An apology and more than you may have ever wanted to know about Dung Beetles!

Recently our cows managed to get into the burial ground without our realising. They had broken through a fence and they stayed overnight there.  As soon as we could we went in and assessed the damage and then I spent a happy morning in the sun removing all the cowpats from sensitive areas like around graves and the memorial circle and inconvenient ones like the paths.  I left the others to rot down naturally.  We are sorry for any inconvenience caused if you came before we got there. I am afraid the cows were also quite keen on the some of the flowers left on the graves.  They also very much liked the Roundhouse.  Nice bit of shelter I suppose.  But all is back to rights just leaving a few traces to dry out in the sun or be dealt with by insects. This has never happened before in all our years of being open and hopefully it will not happen again. 

What was fascinating was the amount of lively insect life to be found enjoying the cowpats including dung beetles although I am not expert enough to say which variety. These are declining in this country due to many cattle being kept inside, overuse of pesticides and wormers and changes in breeds being kept by farmers and people clearing away all dung (so I felt justified in leaving the ones I did!).   They also help reduce flies so help improve cattle health.  If you want to know more follow this link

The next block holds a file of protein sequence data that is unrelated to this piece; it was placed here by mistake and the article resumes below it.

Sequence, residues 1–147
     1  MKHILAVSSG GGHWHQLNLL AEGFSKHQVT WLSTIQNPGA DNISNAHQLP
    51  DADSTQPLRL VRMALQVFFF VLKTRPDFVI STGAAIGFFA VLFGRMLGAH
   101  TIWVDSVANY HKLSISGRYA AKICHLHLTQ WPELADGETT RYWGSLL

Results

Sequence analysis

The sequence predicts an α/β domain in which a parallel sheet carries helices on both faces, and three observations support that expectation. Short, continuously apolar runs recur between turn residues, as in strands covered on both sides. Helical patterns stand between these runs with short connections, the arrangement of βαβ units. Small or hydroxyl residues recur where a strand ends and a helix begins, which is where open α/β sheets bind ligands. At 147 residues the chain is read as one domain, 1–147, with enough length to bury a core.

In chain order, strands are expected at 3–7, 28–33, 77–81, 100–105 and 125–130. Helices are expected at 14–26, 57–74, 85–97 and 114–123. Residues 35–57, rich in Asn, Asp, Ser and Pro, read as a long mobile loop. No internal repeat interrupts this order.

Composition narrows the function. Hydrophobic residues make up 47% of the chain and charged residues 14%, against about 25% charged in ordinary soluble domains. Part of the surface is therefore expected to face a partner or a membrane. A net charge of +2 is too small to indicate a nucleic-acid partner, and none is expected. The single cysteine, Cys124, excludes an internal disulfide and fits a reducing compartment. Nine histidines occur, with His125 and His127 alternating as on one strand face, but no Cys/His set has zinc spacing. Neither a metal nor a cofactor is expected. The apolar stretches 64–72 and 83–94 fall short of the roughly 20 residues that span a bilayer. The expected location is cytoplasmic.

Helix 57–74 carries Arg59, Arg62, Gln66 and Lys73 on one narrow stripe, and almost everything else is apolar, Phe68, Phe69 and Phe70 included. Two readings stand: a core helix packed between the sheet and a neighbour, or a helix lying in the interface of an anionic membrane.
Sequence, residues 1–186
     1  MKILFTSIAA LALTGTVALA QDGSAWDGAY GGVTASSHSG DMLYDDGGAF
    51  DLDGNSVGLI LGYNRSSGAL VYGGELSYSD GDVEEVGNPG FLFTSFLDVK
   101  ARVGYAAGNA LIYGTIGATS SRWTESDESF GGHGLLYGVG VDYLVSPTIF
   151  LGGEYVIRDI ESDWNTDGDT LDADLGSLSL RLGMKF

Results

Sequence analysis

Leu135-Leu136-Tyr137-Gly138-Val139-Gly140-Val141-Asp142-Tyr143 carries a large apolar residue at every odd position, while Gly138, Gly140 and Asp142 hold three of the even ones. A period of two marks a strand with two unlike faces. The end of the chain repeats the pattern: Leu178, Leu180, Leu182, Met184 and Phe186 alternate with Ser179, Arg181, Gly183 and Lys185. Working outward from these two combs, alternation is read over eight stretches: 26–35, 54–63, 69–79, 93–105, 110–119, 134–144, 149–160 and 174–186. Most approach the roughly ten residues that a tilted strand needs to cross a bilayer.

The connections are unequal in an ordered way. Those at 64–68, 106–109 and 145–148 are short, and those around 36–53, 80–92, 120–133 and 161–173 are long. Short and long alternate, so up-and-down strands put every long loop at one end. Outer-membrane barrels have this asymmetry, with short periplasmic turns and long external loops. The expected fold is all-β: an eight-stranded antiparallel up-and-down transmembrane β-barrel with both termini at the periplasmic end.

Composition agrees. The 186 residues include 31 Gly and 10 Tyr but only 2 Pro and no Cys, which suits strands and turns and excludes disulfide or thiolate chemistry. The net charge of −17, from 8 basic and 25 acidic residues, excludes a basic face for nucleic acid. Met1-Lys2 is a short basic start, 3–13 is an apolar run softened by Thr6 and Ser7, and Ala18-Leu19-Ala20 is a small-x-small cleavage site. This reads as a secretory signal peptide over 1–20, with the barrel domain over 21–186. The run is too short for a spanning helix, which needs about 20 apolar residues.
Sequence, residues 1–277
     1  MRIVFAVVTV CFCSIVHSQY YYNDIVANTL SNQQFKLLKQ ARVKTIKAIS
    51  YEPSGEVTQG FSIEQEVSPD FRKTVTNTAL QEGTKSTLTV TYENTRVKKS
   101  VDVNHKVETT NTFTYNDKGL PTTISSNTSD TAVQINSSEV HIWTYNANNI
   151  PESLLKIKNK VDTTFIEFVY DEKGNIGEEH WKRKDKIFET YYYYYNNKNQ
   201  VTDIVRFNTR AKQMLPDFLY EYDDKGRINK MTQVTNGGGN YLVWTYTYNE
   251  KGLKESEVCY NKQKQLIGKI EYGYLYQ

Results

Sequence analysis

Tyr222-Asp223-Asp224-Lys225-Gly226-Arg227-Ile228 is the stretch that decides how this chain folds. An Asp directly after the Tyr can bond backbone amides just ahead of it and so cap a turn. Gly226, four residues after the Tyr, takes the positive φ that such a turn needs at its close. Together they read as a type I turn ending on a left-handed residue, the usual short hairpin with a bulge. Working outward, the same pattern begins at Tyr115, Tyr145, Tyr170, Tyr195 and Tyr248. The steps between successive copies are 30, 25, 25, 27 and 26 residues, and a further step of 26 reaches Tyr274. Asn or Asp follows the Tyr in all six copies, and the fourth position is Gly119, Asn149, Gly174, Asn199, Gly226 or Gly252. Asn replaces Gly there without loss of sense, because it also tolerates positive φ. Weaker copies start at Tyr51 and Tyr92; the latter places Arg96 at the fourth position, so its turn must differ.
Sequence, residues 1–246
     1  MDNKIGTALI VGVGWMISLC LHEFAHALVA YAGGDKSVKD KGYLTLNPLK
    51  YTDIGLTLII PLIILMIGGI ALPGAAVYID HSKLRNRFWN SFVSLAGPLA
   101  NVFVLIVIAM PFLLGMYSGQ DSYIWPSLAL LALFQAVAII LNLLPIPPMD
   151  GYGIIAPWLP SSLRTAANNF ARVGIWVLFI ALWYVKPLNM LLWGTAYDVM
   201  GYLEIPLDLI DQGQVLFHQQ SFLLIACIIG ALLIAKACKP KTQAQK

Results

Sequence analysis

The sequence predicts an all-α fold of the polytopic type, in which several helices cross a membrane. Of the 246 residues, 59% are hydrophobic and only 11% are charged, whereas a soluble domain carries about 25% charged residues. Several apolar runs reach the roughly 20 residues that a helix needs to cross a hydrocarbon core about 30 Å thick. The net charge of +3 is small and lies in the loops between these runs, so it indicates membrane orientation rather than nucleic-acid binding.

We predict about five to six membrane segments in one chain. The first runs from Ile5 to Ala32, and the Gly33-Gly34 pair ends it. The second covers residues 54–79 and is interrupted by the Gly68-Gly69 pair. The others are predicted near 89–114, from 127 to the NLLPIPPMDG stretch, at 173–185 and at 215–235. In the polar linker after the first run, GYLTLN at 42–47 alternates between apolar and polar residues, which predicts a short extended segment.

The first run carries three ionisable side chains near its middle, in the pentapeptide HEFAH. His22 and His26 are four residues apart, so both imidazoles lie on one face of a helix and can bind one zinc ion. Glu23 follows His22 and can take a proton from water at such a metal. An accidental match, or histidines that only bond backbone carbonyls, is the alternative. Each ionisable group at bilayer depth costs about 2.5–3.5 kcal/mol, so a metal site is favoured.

I remember that when I was reading Wilding by Isabella Tree she talked about her husband Charlie waiting by cowpats and timing how long it took a dung beetle to arrive.  Not very long it turned out!  There were many other creatures in there too which I could not identify -  testament to the healthiness of the environment and of course they all provide food for badgers and others living around and about.  I left one by the last avenue tree on the left because I am always amazed at how quickly they disappear.  It turns out some dung beetles tunnel away poo into the ground helping to aerate the soil, some live in it throughout their whole life cycle. The rollers do not live in this country.  They take it away in small pieces rolling it along the ground.   Of course, this hot sun also dries it out very efficiently. 

Co-incidentally, I was talking to a friends and family member recently about the idea of asking someone to come and talk to us about the insect life at Westmill. We have never explored this. I wonder how many of you think this would be a good idea even if we had to charge a small feel to cover the expert’s costs.